This section is from the book "Diseases Of The Intestines", by Max Einhorn. Also available from Amazon: Diseases Of The Intestines A Text-Book For Practitioners And Students Of Medicine.
In this condition as a rule there are at first merely symptoms of constipation; later on these become more obstinate, requiring stronger cathartics. The patient now begins to complain of congestion of the head, anorexia, nausea, cold feet, and sometimes of disagreeable sensations in his limbs; still later there is diarrhoea which may persist as such or alternate with constipation. Off and on muco-purulent material appears with the dejecta. A burning sensation is often felt in the rectum, and tenesmus is frequently present. Hemorrhoids and prolapse of the rectum often accompany the stricture.
Digital examination of the rectum often reveals a ste-nosed area in its lower part. The finger is either not able to pass any farther than a few centimetres (five to six) above the anus or it meets with a resistance which it can overcome. Contrary to spasm of the rectum which yields completely after the finger has succeeded in passing the constriction, in stricture of the rectum the pressure of the narrowed lumen exerted upon the finger remains constantly the same.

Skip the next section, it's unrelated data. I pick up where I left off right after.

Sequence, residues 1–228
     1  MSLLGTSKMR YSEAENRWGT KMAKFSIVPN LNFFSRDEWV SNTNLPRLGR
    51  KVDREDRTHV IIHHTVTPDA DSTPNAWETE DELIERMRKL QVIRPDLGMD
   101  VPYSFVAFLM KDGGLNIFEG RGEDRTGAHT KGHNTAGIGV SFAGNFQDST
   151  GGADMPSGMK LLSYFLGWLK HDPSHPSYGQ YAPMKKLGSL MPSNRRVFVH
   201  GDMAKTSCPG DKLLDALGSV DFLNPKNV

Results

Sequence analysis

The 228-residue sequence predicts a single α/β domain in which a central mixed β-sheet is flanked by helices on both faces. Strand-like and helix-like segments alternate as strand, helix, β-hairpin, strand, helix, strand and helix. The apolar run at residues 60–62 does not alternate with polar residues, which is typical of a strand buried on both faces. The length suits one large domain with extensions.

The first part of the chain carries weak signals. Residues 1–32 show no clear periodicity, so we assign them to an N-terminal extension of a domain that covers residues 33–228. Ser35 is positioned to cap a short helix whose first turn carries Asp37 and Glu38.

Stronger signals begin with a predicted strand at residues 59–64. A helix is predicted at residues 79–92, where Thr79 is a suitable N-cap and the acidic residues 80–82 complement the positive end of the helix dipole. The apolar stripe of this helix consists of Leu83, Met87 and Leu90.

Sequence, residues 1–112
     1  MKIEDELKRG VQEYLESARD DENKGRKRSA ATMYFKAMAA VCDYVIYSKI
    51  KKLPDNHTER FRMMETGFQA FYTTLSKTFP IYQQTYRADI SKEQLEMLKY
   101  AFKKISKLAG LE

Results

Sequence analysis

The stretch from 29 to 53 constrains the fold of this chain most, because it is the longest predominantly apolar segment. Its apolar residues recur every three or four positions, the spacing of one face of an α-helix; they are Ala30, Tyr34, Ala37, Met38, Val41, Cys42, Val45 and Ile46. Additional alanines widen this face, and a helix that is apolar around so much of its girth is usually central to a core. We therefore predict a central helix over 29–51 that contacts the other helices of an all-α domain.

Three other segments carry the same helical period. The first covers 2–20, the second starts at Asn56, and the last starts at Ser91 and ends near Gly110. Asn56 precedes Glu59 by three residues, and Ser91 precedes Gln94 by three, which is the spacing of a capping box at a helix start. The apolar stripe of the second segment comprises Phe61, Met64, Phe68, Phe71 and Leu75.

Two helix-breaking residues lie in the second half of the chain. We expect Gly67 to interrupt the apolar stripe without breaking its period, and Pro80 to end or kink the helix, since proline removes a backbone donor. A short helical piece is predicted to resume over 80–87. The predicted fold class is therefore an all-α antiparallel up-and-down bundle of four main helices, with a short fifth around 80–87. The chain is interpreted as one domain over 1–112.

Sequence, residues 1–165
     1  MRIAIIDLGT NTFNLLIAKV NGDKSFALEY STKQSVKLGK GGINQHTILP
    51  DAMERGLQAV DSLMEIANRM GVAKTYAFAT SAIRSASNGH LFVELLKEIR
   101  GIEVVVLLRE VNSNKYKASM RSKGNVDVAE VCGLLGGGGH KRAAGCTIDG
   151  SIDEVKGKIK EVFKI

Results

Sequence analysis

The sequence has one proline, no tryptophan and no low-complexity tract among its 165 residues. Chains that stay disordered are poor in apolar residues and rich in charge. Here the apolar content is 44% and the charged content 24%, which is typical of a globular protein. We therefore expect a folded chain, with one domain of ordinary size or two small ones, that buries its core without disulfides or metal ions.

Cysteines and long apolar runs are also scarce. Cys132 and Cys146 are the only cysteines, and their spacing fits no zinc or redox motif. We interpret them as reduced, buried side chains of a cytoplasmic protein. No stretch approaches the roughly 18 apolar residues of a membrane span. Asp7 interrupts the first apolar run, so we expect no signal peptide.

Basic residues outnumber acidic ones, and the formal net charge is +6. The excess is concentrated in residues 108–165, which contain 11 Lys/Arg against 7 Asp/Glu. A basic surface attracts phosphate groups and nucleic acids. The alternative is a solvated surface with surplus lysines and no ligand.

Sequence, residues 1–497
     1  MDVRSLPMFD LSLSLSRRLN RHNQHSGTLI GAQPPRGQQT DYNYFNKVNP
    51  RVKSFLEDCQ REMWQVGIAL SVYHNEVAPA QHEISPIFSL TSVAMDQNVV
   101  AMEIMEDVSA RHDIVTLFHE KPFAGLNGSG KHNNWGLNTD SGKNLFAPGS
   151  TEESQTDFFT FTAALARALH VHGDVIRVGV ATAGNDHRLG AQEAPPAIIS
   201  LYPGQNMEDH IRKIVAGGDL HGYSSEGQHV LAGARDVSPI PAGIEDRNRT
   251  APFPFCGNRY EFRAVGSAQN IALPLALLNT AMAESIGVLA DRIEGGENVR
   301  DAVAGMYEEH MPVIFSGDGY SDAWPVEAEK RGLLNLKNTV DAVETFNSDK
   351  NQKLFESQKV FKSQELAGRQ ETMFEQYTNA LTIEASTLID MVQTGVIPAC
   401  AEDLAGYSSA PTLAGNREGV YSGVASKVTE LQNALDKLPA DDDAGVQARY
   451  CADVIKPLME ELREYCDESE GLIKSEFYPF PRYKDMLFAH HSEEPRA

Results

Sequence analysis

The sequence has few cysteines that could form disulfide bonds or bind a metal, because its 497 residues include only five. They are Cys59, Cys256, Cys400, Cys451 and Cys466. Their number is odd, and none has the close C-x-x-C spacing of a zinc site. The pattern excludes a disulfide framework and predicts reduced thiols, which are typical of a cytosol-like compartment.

Most of the strictures are situated about five to six centimetres above the anus, seldom higher up. In the latter instance the examination must be made with a bougie or with a rubber tube which is not too soft. In order to determine the exact nature of the stricture it is always best to make a visual examination of the rectum by means of a speculum.
No matter to what cause the intestinal obstruction is due, in the protracted course of the disease several complications are liable to occur, although here less often than in acute obstruction. Above the stenosed area ulcerations of the bowel may take place and perforation may occur, giving rise to general peritonitis. Occasionally circumscribed peritonitis may ensue in a similar manner and lead to an abscess surrounded by adhesions. Such an abscess may rupture through the abdominal wall and under favorable conditions (if communicating with the intestinal lumen) form a fecal fistula. In many instances the patients gradually waste away and die in con sequence of thrombosis of the crural vein and decubitus.